Finance Minister Enoch Godongwana has urged African countries to focus on tax transparency to counter tax evasion and illicit financial flows which continue to bleed the continent billions of dollars every year.
This comes as South Africa has recently been greylisted by the Financial Action Task Force (FATF) due to certain deficiencies in its anti-money laundering (AML) and combating the financing of terrorism (CFT) and proliferation financing (CPF) framework.
Godongwana yesterday said the African Union Commission estimated the amount of illicit financial flows from Africa ranged between €48 billion and €77bn, in its domestic resource mobilisation report of 2019.
The minister yesterday delivered an address at the 13th Meeting of the Africa Initiative, hosted by the South African Revenue Services (Sars) in Cape Town yesterday.
He emphasised the importance of tax transparency tools in the armour of tax administrations to counter tax non-compliance.
“The international tax transparency standards have proven to be an effective tool in curbing tax evasion and other illicit financial flows and generating additional revenue ready to be invested in the development and provision of public services,” he said.
Godongwana also urged the Global Forum to continue to serve African countries and to support the Africa Initiative in its efforts to build and enhance their capacities to use the Exchange of Information (EOI) standards at their full potential on the continent.
He said tax administrations were tasked with the imperative responsibility of collecting what was due to governments in a timely and efficient manner.
“However, this task is not easy where tax evasion, tax crimes and illicit financial flows continue to spirit away revenues due to the State,” Godongwana said.
“A means to counter this scourge is by enabling Tax Administrations with the requisite tools and capabilities – measures such as tax transparency through EOI, as facilitated by the Global Forum and its regional partners.”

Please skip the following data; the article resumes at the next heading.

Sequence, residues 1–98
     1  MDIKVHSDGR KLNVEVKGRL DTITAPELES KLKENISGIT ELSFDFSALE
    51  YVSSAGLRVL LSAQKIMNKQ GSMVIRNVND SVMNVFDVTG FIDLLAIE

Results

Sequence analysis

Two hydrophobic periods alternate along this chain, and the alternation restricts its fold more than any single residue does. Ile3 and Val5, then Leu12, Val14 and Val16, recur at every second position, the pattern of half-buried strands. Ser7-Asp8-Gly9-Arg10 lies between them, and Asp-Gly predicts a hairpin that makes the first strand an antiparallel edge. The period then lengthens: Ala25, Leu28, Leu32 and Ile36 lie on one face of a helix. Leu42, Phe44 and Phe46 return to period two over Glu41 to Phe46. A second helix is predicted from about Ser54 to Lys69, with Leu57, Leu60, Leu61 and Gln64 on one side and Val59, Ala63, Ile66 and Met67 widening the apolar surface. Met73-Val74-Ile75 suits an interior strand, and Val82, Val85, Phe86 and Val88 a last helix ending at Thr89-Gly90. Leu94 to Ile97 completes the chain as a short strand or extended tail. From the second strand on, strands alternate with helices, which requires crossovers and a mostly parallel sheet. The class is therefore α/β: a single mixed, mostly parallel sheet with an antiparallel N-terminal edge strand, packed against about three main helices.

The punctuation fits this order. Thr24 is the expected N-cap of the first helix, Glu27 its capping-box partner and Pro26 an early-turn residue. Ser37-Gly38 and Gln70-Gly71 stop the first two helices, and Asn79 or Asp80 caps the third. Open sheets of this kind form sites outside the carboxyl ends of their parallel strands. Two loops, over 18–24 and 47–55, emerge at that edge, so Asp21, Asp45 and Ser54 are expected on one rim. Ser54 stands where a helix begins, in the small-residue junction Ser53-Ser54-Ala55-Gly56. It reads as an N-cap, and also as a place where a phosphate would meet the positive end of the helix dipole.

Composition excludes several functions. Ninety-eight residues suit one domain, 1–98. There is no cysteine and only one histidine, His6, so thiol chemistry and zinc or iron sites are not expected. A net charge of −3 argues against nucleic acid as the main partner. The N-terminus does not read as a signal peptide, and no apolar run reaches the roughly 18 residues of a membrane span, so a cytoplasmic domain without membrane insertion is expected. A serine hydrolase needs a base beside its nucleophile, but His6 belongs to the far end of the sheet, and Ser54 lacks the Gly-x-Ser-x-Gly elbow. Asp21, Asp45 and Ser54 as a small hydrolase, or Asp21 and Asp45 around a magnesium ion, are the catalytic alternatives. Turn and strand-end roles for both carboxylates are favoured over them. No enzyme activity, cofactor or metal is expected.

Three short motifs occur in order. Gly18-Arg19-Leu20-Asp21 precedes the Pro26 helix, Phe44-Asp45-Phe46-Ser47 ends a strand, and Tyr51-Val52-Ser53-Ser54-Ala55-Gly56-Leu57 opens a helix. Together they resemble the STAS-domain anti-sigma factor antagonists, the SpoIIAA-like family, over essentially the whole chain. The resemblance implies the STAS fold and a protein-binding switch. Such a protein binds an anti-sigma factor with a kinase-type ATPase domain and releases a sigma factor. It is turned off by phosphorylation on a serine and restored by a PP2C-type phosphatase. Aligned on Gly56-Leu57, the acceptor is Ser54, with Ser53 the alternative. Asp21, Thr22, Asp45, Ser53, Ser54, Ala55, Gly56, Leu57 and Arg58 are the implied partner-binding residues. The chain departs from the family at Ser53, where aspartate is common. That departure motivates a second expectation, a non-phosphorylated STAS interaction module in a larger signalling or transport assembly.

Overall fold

The 2-day Africa Initiative brought together Commissioners-General of revenue authorities across Africa, high-ranking representatives, experts, as well as regional and international organisations and civil society.
The Africa initiative meeting coincided with the launch of the Tax Transparency in Africa 2023 which presents African countries’ latest advances in tackling major issues of tax evasion and other illicit financial flows through the increased use of tax transparency and EOI for tax purposes, as well as the Global Forum’s toolkit on cross-border assistance recovery of tax claims.
Covering 38 African countries, the report showed that African countries collectively reported collecting over €310 million as a direct result of exchange of information on request since 2014.
African countries have also identified at least €1.69bn additional revenues in tax, interest and penalties since 2009, through voluntary disclosure programmes, EOI and investigations of offshore income and assets.
For the first time, one African country reported collecting additional taxes of €10.6m in 2022 through the use of Common Reporting Standard data.
Sars Commissioner and co-chair of the Africa Initiative, Edward Kieswetter, also emphasised the importance of tax transparency standards and collaboration among African countries to boost governments’ revenues.
“A tax risk anywhere, is a tax risk everywhere. Tax administrations are called to serve a transformative and higher purpose in the interest of the African continent specifically,” Kieswetter said.
“Collaboration is essential if we are to serve our shared ambition for effective resource mobilisation to fight poverty, unemployment and inequality.”